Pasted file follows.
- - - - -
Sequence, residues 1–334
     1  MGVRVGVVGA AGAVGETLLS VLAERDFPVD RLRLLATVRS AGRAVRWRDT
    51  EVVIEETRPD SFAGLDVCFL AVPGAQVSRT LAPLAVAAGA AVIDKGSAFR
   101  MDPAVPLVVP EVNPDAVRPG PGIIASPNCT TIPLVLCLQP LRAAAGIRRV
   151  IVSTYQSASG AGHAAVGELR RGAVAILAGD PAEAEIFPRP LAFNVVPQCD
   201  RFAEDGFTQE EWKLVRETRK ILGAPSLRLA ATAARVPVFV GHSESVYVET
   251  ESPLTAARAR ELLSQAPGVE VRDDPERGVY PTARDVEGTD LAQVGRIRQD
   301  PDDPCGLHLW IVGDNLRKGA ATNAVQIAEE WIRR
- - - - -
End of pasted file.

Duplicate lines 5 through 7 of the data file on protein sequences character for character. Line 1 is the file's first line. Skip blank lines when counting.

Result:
   151  IVSTYQSASG AGHAAVGELR RGAVAILAGD PAEAEIFPRP LAFNVVPQCD
   201  RFAEDGFTQE EWKLVRETRK ILGAPSLRLA ATAARVPVFV GHSESVYVET
   251  ESPLTAARAR ELLSQAPGVE VRDDPERGVY PTARDVEGTD LAQVGRIRQD